What happened with the Harper’s letter was very similar to the New York Times Tom Cotton debacle in that mobilized forces on Twitter did not want the Times to publish a piece from Trump’s side of things and it bobbed around various justifiable reasons why until it landed on “it puts black lives in danger.” That was enough to cause a full blown freak out at the Times itself as they had just been accused of being racists and of potentially causing harm to black people. Of course, that one didn’t quite pan out because once that story got out, that it was the new guard of young woke journalists driving it, it then flipped over to James Bennett not having read the story (relegated it to a different editor who has been “reassigned”). No one using this justification, though, has said what it was about Cotton’s piece that was so egregious an error it would warrant the firing of Bennett? Or that Bennett would have not published it had he read it?

Anyone watching on TV the nights the protests began — whether they were black, brown or white — were not only SCARED but wanting it all to stop. So when asked whether they thought there should be military intervention, 58% of Americans agreed that yes, please, bring in the troops if we can’t control the protests. That story was not covered by the Times, or any left leaning major publication because it was verboten to talk about. It got so bad that a research analyst who tweeted out a study that said non-violent protests were more effective himself got fired. The troops were never called because bigger voices than Cotton’s overrode his opinion and the protests became peaceful.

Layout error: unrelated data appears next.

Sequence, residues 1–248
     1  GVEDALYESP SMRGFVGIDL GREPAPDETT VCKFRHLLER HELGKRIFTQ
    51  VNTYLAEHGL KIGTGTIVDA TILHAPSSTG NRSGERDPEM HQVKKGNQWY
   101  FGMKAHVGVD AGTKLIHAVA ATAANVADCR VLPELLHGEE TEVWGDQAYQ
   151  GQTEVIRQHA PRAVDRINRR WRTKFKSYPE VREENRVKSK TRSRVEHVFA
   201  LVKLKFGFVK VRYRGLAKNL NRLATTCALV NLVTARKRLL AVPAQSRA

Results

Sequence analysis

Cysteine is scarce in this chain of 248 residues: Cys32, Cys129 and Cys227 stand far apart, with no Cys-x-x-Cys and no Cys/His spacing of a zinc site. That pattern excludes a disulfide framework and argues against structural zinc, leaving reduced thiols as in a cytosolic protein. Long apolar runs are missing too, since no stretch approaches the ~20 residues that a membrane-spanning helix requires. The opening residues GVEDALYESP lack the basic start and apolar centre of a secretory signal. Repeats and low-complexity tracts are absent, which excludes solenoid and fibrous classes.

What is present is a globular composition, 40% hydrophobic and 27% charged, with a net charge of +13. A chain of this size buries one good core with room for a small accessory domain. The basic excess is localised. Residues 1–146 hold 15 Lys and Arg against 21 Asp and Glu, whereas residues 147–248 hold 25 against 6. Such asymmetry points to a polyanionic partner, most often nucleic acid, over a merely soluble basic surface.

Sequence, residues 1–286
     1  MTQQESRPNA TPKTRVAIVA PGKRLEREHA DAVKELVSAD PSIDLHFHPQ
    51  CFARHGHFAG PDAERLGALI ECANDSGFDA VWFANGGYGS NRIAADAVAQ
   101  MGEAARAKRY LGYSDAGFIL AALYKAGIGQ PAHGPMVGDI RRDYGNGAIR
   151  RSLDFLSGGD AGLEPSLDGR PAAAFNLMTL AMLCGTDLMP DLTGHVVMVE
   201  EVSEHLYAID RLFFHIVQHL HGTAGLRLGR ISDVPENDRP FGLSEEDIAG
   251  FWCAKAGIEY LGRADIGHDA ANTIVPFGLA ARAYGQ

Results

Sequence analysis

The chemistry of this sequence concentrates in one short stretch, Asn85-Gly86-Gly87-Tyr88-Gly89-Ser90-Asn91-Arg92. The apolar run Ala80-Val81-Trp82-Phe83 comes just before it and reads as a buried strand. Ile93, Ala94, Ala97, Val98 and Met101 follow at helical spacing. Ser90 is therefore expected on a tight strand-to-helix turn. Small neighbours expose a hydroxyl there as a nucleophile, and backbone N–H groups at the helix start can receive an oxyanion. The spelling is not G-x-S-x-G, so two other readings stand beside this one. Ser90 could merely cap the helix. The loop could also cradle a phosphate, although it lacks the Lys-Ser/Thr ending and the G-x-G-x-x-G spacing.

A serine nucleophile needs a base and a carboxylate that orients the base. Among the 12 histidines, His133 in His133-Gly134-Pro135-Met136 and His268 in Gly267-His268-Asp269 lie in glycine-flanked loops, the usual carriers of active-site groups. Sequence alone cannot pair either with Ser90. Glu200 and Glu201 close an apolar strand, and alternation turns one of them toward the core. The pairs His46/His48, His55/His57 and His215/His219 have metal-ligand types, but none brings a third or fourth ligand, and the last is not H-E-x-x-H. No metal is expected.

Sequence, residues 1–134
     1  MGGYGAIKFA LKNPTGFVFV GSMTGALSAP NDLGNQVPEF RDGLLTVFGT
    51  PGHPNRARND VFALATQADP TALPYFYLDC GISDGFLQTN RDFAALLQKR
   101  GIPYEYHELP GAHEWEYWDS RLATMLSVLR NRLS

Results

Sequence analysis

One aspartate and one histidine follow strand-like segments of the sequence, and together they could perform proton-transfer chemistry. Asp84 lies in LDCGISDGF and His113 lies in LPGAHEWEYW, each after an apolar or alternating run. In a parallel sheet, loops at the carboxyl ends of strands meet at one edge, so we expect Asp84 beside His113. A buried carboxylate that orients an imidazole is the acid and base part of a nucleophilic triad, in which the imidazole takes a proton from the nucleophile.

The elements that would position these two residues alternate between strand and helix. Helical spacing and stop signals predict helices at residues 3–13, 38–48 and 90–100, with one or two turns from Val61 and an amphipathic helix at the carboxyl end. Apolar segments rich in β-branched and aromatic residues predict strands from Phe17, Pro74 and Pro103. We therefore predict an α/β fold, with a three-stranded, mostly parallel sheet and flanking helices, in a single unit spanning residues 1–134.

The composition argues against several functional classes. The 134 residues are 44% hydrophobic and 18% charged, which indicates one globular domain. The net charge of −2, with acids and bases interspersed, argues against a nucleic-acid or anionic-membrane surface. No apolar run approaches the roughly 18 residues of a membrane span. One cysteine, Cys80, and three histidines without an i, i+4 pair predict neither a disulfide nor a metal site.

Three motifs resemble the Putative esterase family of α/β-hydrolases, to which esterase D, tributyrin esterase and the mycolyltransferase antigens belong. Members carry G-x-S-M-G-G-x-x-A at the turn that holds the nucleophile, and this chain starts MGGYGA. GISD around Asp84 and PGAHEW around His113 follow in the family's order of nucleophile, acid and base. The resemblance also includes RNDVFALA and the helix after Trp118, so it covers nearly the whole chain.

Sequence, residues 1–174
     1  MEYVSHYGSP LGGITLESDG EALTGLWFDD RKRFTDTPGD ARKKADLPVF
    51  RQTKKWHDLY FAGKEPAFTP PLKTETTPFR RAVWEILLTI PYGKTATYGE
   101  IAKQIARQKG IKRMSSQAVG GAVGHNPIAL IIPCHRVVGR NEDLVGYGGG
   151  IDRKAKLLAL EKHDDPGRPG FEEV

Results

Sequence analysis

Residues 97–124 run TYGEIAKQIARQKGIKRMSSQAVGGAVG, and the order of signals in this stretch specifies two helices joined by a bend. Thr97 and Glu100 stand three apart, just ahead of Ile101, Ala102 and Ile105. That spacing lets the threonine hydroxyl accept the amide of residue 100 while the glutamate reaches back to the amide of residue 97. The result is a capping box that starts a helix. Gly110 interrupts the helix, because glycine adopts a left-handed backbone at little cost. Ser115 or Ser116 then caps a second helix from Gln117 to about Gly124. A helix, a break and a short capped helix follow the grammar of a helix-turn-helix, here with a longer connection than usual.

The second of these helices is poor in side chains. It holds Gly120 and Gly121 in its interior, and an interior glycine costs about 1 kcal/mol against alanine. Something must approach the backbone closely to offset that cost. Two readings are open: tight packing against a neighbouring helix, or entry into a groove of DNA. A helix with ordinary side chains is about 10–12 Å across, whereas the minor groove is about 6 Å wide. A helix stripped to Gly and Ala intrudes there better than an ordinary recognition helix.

The Harper’s Letter followed a similar track. The loudest voices were angry it was published at all so they went looking for why they were angry that people were calling out cancel culture. Even now, you see a variety of arguments against it, from people saying it’s white billionaires being afraid of consequences for their racism, or white people uncomfortable that black voices are suddenly rising up to challenge the status quo — and all of that falls under the category, for the most part, reasonable debate. But it took a sharp turn when the critics finally landed on the right reason, it was transphobic because Rowling, Singal and Herzog’s names were on it. Anyone who signed the letter was now accused of supporting Rowling’s side of the argument, when in fact, they were not. No one asked them what they thought about it. They didn’t have to because now they were GUILTY AS CHARGED! Transphobes all.